I don’t want to end my review here and make it seem like I hated this book because that really is not the case. I deeply appreciate her taking the time to write this memoir because it gave me an insight into a life that I am not familiar with myself. This was a very humbling read. I very much identified with the young girl trying her hardest to get good grades and hanging out with the horses every day. While my trauma did not happen until my late teens, I still understand the urge of wanting to get out of your skin and out of your head so desperately. It also lead me to recognize the privilege I possessed (and still do) that helped me avoid that outcome myself. I am truly happy for her to have found her peace and that she was able to form the life she now has and enjoys. I also really appreciated her honesty with her son in the end. It was a hope I had from the start and I was glad to see it happen.

While the NetGalley ARC I originally received was an ebook, I was able to listen to the audiobook thanks to my library. I really enjoyed Jayme Mattler as a narrator because her voice and inflections fit the words perfectly in my opinion. Whether the situation asked for emotions or the lack of emotions, she always seemed to be spot on.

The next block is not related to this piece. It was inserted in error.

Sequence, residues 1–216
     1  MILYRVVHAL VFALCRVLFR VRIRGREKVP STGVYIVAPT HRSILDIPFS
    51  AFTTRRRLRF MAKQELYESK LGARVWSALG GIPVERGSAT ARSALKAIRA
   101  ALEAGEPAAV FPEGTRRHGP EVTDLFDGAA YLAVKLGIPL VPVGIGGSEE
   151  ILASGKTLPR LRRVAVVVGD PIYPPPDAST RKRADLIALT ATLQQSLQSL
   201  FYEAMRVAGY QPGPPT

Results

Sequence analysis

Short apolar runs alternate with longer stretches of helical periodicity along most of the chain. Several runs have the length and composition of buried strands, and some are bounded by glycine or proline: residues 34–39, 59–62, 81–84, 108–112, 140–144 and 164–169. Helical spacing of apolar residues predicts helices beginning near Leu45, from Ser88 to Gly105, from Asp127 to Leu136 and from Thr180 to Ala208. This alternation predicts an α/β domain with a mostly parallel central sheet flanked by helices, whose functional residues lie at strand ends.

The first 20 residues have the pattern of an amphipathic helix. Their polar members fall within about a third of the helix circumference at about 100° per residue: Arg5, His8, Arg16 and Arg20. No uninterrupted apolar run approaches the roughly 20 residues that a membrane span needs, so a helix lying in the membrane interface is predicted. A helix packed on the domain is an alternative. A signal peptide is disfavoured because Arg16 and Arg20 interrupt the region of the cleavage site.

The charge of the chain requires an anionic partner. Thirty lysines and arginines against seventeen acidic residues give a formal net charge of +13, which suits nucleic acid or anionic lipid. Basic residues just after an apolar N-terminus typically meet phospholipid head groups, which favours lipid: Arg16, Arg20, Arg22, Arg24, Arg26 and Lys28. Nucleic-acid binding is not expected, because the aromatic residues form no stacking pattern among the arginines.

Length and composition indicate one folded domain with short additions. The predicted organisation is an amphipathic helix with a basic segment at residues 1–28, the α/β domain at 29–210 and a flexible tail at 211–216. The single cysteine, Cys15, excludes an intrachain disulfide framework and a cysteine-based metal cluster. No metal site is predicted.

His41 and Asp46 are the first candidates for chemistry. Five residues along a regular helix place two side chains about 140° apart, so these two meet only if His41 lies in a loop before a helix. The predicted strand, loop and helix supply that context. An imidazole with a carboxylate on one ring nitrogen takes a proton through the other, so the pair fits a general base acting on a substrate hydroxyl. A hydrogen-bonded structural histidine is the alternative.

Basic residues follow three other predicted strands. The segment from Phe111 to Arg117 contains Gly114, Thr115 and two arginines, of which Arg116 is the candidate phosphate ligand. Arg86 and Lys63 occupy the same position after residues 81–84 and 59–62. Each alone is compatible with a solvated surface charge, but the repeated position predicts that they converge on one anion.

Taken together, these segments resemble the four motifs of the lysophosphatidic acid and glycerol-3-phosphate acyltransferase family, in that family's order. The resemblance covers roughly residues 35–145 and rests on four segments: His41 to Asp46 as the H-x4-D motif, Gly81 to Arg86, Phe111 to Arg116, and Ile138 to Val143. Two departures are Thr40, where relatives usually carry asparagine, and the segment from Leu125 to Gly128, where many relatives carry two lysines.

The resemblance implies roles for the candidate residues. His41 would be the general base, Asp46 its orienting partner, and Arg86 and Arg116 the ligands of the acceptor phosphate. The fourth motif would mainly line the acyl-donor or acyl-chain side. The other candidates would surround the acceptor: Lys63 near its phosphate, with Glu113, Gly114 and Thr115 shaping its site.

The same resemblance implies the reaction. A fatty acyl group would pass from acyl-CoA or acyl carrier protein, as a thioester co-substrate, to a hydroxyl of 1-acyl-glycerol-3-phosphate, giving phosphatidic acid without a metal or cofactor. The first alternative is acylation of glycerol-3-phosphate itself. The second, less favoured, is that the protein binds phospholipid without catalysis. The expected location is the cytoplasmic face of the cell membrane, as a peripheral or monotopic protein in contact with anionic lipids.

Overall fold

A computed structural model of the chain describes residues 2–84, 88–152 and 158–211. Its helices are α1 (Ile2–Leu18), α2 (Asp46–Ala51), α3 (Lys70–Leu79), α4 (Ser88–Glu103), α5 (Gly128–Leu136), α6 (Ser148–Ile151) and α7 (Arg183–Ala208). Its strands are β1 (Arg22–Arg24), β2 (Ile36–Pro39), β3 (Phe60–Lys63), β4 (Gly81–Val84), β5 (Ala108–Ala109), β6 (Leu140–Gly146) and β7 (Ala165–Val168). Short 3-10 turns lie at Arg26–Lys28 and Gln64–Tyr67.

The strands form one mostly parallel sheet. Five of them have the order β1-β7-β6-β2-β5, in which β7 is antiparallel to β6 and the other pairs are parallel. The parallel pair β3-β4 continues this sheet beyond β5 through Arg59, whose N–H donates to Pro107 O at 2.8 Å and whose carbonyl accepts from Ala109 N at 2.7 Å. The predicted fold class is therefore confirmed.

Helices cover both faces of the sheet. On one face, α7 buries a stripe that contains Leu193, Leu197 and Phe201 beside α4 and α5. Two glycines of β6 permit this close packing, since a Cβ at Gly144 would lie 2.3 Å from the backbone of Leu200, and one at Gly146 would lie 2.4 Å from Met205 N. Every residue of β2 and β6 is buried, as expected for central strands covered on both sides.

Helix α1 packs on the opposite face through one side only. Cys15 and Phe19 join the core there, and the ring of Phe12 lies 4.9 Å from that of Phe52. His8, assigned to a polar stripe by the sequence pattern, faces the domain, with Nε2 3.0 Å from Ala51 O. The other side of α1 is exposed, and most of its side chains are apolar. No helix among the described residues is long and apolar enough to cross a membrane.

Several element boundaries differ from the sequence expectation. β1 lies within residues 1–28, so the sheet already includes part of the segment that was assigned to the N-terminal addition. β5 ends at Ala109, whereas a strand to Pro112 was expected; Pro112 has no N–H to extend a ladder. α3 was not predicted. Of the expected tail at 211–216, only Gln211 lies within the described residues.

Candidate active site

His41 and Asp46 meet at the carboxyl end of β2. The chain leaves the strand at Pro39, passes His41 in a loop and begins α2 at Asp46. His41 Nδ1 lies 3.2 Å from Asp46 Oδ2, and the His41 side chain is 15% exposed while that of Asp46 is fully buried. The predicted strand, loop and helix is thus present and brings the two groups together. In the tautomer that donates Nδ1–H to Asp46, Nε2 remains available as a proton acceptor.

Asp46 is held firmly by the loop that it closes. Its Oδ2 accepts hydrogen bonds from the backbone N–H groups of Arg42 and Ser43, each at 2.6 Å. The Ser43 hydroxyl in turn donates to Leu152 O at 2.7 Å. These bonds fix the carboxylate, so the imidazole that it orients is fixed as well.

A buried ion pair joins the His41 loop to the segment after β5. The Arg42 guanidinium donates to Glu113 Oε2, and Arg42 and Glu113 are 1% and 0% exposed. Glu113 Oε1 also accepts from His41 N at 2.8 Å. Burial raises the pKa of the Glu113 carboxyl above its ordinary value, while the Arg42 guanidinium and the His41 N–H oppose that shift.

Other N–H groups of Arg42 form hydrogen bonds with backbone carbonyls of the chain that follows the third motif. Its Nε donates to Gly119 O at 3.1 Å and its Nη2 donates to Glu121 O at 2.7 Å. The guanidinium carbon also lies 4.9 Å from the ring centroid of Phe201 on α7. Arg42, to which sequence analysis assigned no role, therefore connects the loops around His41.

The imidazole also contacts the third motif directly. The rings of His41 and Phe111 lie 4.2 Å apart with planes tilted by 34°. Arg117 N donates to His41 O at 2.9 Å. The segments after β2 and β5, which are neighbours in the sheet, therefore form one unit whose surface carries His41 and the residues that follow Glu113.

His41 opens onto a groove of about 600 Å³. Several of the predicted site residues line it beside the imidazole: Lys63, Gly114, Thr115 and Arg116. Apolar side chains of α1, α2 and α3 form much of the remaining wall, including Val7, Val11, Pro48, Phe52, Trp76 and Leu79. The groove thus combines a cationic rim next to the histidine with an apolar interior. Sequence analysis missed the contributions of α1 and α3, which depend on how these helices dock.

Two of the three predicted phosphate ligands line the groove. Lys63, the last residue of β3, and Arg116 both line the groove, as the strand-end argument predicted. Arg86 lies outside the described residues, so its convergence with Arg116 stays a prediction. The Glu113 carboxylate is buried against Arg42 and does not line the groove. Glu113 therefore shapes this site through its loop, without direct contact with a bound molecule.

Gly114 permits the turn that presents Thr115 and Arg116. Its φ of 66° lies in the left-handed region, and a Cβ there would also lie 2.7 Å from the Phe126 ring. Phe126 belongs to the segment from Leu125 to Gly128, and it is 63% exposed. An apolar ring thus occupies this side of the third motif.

About the Author:

Erin Khar is the author of Strung Out: One Last Hit and Other Lies that Nearly Killed Me, a memoir about her fifteen-year battle with opiate addiction that explores the very nature of why people do drugs, casting light on the larger opiate crisis, written with the intention to destigmatize the topic of drug addiction.

She writes about things like addiction, recovery, mental health, relationships, parenting, infertility, self-care, and her undying love for Beverly Hills, 90210.

Her work has been featured many places, including Marie Claire, SELF, Esquire, Cosmopolitan, Salon, HuffPost, The Manifest-Station, and Cosmonauts Avenue.

Her weekly advice column, Ask Erin, can be read here: https://www.erinkhar.com/askerin

About the Publisher:

They are a dynamic, diverse and growing group of trade imprints committed to publishing the best in commercial fiction and narrative nonfiction across a wide array of genres. Offering a broad and vibrant range of editorial, they are driven by a singular vision: to introduce readers to bold, imaginative stories that entertain, foster discussion, challenge preconceptions and stimulate new ways of perceiving the world.

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Thank you to the author, publisher, and NetGalley for providing me with a free copy in exchange for an honest review.